House Speaker John Boehner
They just couldn’t get anything done. A high-stakes meeting at the White House to avoid the next fiscal cliff at midnight ended with no deal, but instead another round of the blame game.
There was more squabbling in Washington on Thursday as the nation prepared to go over the latest fiscal cliff — $85 billion in budget cuts.
On Friday, Congress will finally vote on the first bit of aid to victims of Superstorm Sandy. That won’t be soon enough for thousands of people, including a Staten Island man who is left out in the cold.
Just 24 hours after he was reviled by his colleagues in Congress for delaying a vote on Hurricane Sandy relief, John Boehner was re-elected Speaker of the House on Thursday.
The debate over federal aid for Superstorm Sandy has infuriated many elected officials, but it is more than a war of words for those still struggling in the aftermath of the devastating storm.
The clock is ticking in Washington. Lawmakers are running out of time to avert the “fiscal cliff.”
Tax doomsday is looming, but it’s still a political standoff in D.C., with one side seemingly waiting for the other to act. While the Senate is already in session, the House will not be back before Sunday.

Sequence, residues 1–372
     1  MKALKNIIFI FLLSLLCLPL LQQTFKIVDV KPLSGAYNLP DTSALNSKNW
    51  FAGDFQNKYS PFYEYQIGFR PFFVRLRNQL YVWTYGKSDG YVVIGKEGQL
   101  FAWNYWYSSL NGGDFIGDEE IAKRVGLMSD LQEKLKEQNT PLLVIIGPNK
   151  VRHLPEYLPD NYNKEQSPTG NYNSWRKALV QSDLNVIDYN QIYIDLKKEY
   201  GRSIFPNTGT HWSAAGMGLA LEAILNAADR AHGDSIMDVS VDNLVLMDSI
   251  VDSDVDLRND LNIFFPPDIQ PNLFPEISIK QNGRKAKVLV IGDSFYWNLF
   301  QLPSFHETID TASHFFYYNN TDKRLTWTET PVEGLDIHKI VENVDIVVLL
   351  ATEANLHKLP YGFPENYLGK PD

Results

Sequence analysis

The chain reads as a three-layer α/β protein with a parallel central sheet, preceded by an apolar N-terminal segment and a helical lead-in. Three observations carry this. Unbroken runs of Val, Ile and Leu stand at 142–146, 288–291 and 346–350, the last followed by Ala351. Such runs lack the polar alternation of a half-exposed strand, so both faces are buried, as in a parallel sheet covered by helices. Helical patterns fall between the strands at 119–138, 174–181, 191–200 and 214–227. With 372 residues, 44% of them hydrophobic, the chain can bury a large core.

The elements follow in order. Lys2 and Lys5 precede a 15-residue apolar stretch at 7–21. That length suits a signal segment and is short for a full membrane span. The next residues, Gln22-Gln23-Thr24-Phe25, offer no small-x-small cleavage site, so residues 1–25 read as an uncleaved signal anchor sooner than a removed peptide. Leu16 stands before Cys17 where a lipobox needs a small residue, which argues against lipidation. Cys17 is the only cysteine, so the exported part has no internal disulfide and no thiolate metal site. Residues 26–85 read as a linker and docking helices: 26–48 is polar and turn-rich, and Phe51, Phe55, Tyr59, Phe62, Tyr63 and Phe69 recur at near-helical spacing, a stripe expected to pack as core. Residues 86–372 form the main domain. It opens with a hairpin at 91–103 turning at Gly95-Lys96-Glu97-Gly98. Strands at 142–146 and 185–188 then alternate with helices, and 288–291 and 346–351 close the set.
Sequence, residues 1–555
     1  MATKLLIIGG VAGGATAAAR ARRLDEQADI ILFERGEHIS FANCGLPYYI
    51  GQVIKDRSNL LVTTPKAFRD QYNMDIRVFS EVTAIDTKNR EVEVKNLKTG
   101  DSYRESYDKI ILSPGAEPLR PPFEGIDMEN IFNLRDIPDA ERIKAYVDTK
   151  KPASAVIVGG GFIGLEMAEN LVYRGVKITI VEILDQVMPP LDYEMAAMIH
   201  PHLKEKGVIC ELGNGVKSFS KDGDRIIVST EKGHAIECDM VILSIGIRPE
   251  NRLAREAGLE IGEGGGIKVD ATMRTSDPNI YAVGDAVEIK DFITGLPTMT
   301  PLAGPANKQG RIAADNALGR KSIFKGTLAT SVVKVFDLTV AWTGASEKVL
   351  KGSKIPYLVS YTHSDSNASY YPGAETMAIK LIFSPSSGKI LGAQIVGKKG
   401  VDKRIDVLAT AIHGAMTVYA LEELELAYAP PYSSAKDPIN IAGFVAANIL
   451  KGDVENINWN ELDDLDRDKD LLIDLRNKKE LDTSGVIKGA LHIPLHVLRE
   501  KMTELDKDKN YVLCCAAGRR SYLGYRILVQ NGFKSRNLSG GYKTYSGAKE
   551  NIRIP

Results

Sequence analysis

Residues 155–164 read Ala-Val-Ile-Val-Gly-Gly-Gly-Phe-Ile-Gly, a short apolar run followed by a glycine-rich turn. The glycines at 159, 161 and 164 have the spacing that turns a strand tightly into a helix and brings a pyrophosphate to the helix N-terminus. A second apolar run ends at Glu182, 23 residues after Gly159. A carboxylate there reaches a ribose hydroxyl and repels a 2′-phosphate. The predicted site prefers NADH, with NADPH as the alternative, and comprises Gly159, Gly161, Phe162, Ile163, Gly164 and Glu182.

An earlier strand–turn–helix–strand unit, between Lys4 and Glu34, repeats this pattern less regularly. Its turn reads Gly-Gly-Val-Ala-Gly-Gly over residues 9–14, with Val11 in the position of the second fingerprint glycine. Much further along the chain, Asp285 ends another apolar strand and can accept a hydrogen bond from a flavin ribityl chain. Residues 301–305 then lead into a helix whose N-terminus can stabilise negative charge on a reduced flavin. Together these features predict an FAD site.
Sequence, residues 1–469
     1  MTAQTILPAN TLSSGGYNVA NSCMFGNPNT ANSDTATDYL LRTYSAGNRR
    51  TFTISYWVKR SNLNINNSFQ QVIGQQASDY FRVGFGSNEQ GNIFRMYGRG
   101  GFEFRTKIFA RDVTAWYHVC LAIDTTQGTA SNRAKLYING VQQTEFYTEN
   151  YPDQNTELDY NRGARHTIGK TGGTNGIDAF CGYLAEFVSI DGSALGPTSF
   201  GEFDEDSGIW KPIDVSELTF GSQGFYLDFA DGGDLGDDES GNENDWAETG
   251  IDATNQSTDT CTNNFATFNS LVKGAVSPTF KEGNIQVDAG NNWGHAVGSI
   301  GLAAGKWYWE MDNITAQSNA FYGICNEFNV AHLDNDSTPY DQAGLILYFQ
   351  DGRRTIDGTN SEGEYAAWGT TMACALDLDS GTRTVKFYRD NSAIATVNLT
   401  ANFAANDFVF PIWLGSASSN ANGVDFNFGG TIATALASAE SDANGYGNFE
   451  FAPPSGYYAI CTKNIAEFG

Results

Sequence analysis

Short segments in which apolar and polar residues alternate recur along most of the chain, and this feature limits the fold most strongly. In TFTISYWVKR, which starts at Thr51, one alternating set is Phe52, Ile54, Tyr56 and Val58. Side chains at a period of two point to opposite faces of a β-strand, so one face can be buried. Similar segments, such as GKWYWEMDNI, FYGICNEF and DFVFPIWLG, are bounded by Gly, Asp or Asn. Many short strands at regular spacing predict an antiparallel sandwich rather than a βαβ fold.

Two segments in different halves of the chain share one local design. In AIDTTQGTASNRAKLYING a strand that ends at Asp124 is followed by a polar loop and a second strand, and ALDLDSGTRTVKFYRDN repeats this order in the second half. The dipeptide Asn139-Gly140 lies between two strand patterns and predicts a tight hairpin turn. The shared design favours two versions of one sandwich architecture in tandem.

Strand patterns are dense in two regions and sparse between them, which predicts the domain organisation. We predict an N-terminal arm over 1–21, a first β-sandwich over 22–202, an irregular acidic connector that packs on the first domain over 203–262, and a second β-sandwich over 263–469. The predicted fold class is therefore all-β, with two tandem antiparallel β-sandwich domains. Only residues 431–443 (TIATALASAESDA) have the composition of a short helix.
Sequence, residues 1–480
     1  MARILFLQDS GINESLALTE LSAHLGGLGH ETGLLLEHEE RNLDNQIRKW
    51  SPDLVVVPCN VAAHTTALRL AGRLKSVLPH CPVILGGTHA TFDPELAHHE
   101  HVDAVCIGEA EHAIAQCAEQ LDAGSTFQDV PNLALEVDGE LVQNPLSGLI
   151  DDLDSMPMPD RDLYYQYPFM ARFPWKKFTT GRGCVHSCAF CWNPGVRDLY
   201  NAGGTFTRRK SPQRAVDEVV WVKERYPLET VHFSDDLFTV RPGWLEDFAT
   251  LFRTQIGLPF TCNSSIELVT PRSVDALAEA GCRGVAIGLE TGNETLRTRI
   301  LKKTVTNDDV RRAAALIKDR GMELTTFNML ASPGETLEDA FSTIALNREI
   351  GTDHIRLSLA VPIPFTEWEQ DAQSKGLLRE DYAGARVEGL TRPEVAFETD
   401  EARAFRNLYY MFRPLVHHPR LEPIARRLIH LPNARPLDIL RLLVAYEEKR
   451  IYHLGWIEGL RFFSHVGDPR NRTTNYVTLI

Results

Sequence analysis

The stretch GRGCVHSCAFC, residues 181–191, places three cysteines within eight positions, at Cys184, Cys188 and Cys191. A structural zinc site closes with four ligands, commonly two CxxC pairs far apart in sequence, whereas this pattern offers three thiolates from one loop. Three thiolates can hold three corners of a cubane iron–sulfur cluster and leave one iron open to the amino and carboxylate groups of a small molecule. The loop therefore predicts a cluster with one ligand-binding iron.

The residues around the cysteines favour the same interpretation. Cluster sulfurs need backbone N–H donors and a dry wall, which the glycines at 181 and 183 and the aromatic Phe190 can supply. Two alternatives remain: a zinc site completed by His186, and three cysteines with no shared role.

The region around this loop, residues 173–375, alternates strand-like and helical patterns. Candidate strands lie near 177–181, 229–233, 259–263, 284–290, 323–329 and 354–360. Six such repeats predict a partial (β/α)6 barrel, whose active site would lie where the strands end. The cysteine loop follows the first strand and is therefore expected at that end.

President Barack Obama was to return to Washington on Thursday after cutting short his Christmas vacation in Hawaii. The Senate will be in session. But so far the House of Representatives has no plans to meet.
There were signs Tuesday that a deal to avoid the so-called “fiscal cliff” may be in the offing. President Barack Obama blinked on tax hikes and so did House Speaker John Boehner.
The fact is it won’t be a merry Christmas if there is no deal on the so-called fiscal cliff, because without a compromise tax hikes and across-the-board spending cuts kick in.
For tens of thousands of people in the Tri-State Area, the “fiscal cliff” debate is more than just a Washington political battle. Many in the middle class here are wondering how they’ll make ends meet if their taxes go up on New Year’s Day.
As the so-called “fiscal cliff” gets closer, there is still no agreement on taxes and budget cuts in Washington. No deal means everybody’s taxes will go up in a little less than three weeks.
New Jersey residents would be the hardest hit in the nation, with the average family of four paying an extra $6,933. That same family in Connecticut would ante up an extra $6,653 and in New York, $4,103.
Even as the country barrels toward the fiscal cliff, there was much confusion about what exactly lies ahead – both for regular people and the country as a whole.
Will it be four more years of partisanship or will both sides find a path to compromise? And will the Republican party see the outcome of campaign 2012 as a mandate to “re-image” itself?
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